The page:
Okay, so the golden rule is the classic “treat others as you’d like to be treated” line. A “corner stool” implies a place you go for punishment when you’re bad, and obviously this is a thing that is located within the house, not in the normal school setting. All of that being said, I have no idea what this means beyond some kind of vague sexual misconduct vibe. It gives me the willies, but I can’t put a finger on what any of it means. Which is probably for the best, I think.

You leave (leave!)
Leave (leave!)
Leave that man to me
Oh, Mom, I love you, and soon you will be free
With my will (will!) and my hands (hands!) like old Solomon
And in your honor I’m going to cut that man in half

Oh, hey, there’s another man! I’m getting it now! Before, it was the mom’s boyfriend saying “leave that boy to me,” and now it’s Jack saying, “leave that man to me”! That’s sort of less disturbing, right? Just an old-school jealousy thing going on between a momma’s boy and her new boyfriend. That’s probably who the mom was kissing during that confusing “golden rule” phase this song went through.

Anyway, Solomon was the son of David and a wealthy, powerful king of Israel who eventually turned away from God and doomed his kingdom to a split. But this “cutting in half” business seems to be about the Judgment of Solomon, which is best explained by Newman’s wise bicycle verdict from Seinfeld. Anyway, I don’t know what it means beyond that, and I’m bored. On to the killing!

All the lessons Mama would teach
Books from Rome and ancient Greece
Men push rocks up stony mountains
Turning one fish into five thousand
And a king went blind from his mother’s love

Sisyphus, Jesus, Oedipus. The three main tales all mother’s teach their young children. We can all relate.

A terrible rage came over Jack
His Mama lying on her back

Oh no! Jack caught her in mid-coitus! This is not something that feels likely to be met with a stable, sane reaction!

The one who taught him right from wrong
But knew no better all along
She got ran through when Jack killed his Mom
(Bang bang!)

I know this is supposed to be disturbing, and it is—oh, it is!—but it’s also kind of exhilarating. And that’s the poison of profoundly disturbing song lyrics; the artists lull us to sleep with good music, and then slip deranged messages into our brains. They should all be in jail! Jenny Lewis, you’re hurting this country’s youth!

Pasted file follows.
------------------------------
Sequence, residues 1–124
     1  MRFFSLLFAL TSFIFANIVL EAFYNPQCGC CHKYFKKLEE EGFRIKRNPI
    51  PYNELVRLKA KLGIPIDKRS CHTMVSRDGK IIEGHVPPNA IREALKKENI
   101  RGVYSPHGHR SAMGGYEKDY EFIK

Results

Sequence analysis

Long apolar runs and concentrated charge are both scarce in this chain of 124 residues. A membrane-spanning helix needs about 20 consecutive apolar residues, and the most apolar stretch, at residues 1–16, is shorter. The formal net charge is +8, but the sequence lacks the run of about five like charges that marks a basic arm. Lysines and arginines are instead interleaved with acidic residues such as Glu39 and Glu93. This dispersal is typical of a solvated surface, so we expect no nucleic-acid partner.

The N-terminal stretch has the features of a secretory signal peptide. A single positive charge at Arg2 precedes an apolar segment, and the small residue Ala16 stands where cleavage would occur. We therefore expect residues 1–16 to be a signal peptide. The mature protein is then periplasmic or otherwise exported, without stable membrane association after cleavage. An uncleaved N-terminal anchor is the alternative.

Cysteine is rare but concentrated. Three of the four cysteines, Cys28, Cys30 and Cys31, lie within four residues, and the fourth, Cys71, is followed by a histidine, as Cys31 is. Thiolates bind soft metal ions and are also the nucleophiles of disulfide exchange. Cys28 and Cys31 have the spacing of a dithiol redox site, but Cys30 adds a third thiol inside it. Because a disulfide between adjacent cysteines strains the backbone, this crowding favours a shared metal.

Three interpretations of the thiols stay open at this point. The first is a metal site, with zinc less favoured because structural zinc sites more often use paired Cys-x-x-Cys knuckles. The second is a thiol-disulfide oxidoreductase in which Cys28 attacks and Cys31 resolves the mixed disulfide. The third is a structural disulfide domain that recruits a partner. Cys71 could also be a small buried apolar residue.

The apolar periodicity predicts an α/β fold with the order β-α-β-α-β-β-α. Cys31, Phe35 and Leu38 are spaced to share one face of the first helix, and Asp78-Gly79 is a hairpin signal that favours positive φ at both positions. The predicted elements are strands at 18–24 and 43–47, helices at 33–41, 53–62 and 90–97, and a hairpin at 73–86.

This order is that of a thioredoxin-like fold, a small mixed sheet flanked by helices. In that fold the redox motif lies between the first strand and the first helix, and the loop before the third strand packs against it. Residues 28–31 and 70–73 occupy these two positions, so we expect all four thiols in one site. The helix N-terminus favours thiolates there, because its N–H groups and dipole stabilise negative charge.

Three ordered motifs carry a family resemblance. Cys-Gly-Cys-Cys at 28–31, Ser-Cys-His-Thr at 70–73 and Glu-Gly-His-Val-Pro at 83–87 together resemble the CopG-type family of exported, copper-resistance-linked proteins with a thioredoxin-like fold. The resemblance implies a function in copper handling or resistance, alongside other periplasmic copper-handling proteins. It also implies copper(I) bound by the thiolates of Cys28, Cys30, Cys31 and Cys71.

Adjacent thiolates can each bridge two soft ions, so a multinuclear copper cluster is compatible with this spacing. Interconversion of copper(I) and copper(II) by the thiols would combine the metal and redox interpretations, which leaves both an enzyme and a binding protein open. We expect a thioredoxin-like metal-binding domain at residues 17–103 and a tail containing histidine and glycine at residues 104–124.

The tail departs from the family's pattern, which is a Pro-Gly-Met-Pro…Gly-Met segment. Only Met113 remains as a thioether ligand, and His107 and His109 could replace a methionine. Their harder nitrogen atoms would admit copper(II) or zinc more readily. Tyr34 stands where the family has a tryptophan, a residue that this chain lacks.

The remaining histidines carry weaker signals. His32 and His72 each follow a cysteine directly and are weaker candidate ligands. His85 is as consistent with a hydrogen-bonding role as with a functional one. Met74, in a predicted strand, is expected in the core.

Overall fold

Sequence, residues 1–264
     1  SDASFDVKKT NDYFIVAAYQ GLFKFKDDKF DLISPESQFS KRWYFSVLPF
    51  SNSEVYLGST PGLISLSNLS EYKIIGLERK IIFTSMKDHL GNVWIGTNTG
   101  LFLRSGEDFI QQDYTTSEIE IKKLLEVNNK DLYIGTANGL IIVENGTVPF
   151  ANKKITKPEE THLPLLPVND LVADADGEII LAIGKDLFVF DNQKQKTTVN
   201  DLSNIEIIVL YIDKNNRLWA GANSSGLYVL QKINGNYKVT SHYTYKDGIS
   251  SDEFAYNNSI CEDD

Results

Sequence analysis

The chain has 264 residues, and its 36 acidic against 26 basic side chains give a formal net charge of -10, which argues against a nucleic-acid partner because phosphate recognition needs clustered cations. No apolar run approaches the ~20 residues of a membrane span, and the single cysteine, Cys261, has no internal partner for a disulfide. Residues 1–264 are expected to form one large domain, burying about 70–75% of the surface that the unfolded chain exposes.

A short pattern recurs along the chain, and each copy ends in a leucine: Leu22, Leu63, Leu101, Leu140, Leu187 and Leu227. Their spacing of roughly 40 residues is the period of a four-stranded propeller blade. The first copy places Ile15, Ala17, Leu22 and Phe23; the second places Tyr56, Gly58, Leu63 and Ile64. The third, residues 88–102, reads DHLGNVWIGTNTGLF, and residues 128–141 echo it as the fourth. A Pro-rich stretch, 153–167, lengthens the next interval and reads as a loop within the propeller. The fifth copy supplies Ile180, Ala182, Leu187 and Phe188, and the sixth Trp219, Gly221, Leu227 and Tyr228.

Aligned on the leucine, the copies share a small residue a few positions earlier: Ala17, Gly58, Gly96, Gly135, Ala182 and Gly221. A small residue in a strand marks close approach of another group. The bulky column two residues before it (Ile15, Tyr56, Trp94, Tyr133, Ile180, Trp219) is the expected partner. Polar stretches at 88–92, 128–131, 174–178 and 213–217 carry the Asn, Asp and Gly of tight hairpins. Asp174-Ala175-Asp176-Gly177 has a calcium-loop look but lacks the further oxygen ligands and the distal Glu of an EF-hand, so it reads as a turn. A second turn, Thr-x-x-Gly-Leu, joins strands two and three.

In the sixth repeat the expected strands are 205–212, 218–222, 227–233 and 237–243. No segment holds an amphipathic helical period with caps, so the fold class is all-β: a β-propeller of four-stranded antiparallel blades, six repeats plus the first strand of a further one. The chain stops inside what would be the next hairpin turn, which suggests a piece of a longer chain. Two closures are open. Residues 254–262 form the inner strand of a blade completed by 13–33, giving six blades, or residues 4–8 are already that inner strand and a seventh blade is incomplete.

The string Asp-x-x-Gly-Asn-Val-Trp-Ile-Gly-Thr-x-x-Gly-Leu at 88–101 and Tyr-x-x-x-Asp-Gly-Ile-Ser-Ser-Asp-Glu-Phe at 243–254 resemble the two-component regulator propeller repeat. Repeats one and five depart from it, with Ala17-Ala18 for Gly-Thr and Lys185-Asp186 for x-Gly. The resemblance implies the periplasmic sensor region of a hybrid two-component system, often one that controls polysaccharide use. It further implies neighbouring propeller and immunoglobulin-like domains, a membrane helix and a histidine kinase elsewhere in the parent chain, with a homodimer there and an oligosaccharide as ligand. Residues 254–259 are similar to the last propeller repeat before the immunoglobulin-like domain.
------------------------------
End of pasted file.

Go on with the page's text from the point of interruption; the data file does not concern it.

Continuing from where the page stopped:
Don’t leave (leave!)
Don’t leave (leave!)
Don’t leave this world to me
Oh, Mom I love you, I didn’t mean to set you free

LIVE WITH YOUR ACTIONS, JACKY BOY! Also, congrats to Lewis for pinpointing the most horrifying way to talk about killing someone: “setting them free.” My favorite trait of any serial killer is the strange justifications during the act. “You are too beautiful for this world,” and that kind of thing. Every good psychopath thinks he’s some kind of angel of deliverance. Otherwise, you’d never get the job.

With my will (will!) and my hands (hands!) like old Solomon
Oh Mom, I love you, I didn’t mean to set you free

I hear what you’re saying, Jack, but to be quite honest, I haven’t really trusted you since you winked after childbirth.

Was Jack wrong? (Jack killed Mom!)
Was Jack wrong? (Jack killed Mom!)
Was Jack wrong? (Jack killed Mom!)

And we finish with another super easy question. Yes! He was wrong, all right!


Everybody exhale. Thanks again to Anita, because that one had some pretty disturbing incestual and oedipal themes before we even got to the murder. When the act of killing is the least unsettling part of the song, you know you’ve got a real doozy. I can’t find any good backstory on this song, so there’s nothing to mitigate the terror in our hearts. Like Solomon, I’m now ready to make my final judgment.

Official Horror Rating: 9.1

Check out our previous installments:

Don’t You Want Me – The Human League
Fake Palindromes – Andrew Bird
Young Girl – Gary Puckett and The Union Gap
Dance Hall Days — Wang Chung
Art Lover – The Kinks
Possum Kingdom — Toadies
Excitable Boy — Warren Zevon
In the Colosseum — Tom Waits
Silhouettes — The Rays

Inline Feedbacks
View all comments
Share Tweet Submit Pin